By Chioma Obinna
To commemorate this year’s Children’s Day, Mothers and Marginalised Advocacy Centre, MAMA Centre, has called for sustained proactive policy environment for the adequate social, cognitive, and physical development of Nigerian children.
Making the call in a press statement signed by the Executive Director, MAMA Centre, Barrister Ola Onyegbula who noted that despite the fact that the Child Right Act provided legal backing for the sustainable social, cognitive and physical development of every Nigerian child in respective of gender expressed concerns that a higher proportion of Nigerian children are bedevilled by malnutrition, social insecurity, early child marriage, and child labour.
“As malnutrition remains a serious setback to the socio-economic development of the country, high incidence of Severe Acute Malnutrition has continued to exacerbate children’s susceptibility to deadly infections, slow recovery from illness retards physical and cognitive development.
“We recall that an estimated 2.5 million Nigerian children under-5 suffer from Severe Acute Malnutrition (SAM) annually, exposing nearly 420,000 children under-5 to early death from common childhood illnesses such as diarrhoea, pneumonia, and malaria.
“We specifically note greater concern Section 3 of the Act, which mandates every Government in Nigeria to reduce infant and child mortality rate; ensure the provision of necessary medical assistance and health care services to all children with an emphasis on the development of primary health care; provide for the child the best attainable state of health; ensure the provision of adequate nutrition and safe drinking water; ensure the provision of good hygiene and environmental sanitation; combat disease and malnutrition within the framework of primary health care through the application of appropriate technology.
“In spite of various provisions in the 1999 Constitution of the Federal Republic of Nigeria and the Child Right Act 2003 frowning at early marriages as a fundamental violation of human rights, we are perturbed at the growing prevalence of child marriage in some parts of the country with resultant early childbirth decreased development and social isolation.”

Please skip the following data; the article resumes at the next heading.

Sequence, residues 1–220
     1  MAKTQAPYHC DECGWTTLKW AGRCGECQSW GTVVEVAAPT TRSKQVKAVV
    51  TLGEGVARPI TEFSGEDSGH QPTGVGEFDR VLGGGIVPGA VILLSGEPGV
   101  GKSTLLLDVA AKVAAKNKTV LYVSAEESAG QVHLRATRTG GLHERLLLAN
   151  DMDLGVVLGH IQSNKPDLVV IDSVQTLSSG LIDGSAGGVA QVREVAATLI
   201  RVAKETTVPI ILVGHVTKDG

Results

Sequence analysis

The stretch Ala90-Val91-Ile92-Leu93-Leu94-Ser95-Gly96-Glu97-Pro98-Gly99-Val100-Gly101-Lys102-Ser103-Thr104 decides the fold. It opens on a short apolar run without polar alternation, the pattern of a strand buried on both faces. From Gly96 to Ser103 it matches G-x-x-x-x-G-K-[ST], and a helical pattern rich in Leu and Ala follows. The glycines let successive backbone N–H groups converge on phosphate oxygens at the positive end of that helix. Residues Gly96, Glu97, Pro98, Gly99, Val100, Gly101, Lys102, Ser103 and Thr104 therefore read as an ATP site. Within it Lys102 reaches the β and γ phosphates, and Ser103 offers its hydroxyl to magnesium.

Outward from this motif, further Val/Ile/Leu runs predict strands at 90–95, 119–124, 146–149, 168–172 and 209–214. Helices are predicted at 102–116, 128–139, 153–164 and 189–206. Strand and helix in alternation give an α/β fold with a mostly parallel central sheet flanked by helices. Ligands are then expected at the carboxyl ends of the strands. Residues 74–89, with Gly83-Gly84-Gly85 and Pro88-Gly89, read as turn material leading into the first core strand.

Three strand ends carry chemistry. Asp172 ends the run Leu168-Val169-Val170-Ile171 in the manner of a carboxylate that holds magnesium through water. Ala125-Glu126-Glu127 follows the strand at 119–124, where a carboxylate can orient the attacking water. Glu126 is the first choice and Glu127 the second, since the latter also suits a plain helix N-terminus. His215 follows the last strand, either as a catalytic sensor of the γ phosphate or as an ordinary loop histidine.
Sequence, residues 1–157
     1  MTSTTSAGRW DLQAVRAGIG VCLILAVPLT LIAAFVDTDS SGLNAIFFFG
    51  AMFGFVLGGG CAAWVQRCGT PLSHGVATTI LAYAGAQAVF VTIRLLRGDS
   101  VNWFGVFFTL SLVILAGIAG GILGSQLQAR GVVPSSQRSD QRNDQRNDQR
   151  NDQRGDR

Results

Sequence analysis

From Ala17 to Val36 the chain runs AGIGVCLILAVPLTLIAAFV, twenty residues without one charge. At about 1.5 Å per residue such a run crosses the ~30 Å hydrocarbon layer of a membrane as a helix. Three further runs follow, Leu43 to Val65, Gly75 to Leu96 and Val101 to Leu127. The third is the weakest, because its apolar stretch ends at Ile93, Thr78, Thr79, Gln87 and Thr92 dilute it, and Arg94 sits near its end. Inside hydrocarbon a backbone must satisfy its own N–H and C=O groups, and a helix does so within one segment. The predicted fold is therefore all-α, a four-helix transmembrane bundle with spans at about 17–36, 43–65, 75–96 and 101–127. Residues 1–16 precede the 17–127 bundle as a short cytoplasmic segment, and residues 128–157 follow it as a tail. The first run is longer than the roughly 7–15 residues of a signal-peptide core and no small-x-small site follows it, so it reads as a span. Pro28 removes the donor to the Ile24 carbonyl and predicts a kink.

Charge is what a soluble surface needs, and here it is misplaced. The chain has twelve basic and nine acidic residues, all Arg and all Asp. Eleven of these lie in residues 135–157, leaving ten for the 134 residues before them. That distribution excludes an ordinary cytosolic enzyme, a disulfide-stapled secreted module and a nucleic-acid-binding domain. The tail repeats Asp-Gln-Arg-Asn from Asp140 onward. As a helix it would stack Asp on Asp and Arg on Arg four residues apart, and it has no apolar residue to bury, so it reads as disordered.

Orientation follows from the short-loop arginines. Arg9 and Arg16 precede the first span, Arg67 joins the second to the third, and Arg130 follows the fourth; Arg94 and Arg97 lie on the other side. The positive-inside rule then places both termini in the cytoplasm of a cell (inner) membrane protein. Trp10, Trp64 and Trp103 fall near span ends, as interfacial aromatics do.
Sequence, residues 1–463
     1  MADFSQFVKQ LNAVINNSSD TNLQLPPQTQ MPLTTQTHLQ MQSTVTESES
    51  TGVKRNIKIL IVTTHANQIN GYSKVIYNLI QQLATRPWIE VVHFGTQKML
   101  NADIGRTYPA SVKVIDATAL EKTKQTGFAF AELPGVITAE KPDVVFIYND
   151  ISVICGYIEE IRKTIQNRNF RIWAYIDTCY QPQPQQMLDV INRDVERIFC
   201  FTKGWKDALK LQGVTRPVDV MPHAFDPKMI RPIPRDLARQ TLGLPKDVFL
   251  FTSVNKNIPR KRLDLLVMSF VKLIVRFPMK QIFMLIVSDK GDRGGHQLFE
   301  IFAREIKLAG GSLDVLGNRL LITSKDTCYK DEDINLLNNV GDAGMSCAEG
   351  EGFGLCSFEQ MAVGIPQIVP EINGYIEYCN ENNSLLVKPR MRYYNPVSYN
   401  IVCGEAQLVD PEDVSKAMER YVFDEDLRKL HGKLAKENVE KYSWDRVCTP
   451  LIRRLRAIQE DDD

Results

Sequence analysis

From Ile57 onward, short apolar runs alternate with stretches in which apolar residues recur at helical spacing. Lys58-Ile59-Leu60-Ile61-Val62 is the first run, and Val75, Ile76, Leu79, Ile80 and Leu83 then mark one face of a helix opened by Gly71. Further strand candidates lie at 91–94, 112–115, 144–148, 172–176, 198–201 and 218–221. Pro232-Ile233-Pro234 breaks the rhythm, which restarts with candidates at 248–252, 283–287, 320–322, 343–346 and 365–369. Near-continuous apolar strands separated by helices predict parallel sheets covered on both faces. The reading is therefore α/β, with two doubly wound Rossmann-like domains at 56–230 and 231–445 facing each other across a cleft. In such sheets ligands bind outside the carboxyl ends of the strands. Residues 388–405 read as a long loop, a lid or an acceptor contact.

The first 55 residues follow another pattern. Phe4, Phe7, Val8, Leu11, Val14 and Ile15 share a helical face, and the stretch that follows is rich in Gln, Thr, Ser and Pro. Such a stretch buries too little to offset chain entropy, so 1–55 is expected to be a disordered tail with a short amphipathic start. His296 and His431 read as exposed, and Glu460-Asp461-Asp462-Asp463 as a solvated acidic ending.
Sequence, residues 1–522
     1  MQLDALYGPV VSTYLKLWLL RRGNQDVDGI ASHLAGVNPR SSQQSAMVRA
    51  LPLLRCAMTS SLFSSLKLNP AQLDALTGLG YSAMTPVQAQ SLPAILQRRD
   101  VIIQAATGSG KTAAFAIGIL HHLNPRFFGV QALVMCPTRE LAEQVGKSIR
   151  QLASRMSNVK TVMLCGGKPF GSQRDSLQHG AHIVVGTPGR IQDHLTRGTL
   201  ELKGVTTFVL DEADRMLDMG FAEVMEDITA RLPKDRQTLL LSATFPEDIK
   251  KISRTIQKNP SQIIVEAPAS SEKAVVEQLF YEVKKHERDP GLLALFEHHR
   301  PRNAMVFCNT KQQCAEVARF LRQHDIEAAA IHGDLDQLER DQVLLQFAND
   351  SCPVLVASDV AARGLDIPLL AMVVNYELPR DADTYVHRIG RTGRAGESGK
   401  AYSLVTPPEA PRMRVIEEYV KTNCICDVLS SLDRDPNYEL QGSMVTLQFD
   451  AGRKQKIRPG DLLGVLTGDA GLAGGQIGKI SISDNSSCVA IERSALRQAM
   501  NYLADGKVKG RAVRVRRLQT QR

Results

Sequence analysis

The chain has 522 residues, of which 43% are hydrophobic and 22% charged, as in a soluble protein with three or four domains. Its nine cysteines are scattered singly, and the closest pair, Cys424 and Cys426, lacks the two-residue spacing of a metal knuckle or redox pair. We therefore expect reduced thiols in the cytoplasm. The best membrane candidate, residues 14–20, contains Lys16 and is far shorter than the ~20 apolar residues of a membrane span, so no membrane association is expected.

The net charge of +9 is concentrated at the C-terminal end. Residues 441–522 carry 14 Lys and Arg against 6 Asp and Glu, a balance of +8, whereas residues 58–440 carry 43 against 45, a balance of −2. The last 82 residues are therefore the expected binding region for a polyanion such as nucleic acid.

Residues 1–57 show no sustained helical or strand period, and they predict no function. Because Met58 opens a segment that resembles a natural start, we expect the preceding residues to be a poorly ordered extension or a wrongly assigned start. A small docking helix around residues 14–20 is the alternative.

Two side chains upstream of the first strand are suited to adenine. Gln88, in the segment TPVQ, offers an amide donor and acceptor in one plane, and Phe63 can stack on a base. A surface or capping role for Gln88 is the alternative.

They further condemned what they described as the deliberate delay in adoption and passage into law the Child Right Act in many states across the nation.
“We must reiterate that Nigeria has the highest prevalence of obstetric fistula in the world, with between 400,000 and 800,000 women living with the problem and about 20,000 new cases each year; and 90% cases are untreated. This implies that about 55 women are afflicted by obstetric fistula every day. This is worsened by poor access to sexual and reproductive health services, including family planning and maternal health services by child bride.”
“We demand immediate domestication and implementation of the National Policy on Food and Nutrition with a holistic Strategic Plan of Action to guide the identification, design, and implementation of nutrition intervention at state levels.
“We call for concerted efforts by all levels of governments, National Agency for the Prohibition of Trafficking in Persons (NAPTIP), civil society, Community Base Organisations, Faith-Based Organisations to effectively combat child trafficking scourge and abuses. “We also call for the strengthened criminal justice system to checkmate abuses and violation against child right with strict implementation by all levels of government. We further call for improved access to education and eliminating gender gaps in education, proper individual orientation, mass public awareness, and sensitization on the provisions of the Child Right Act.”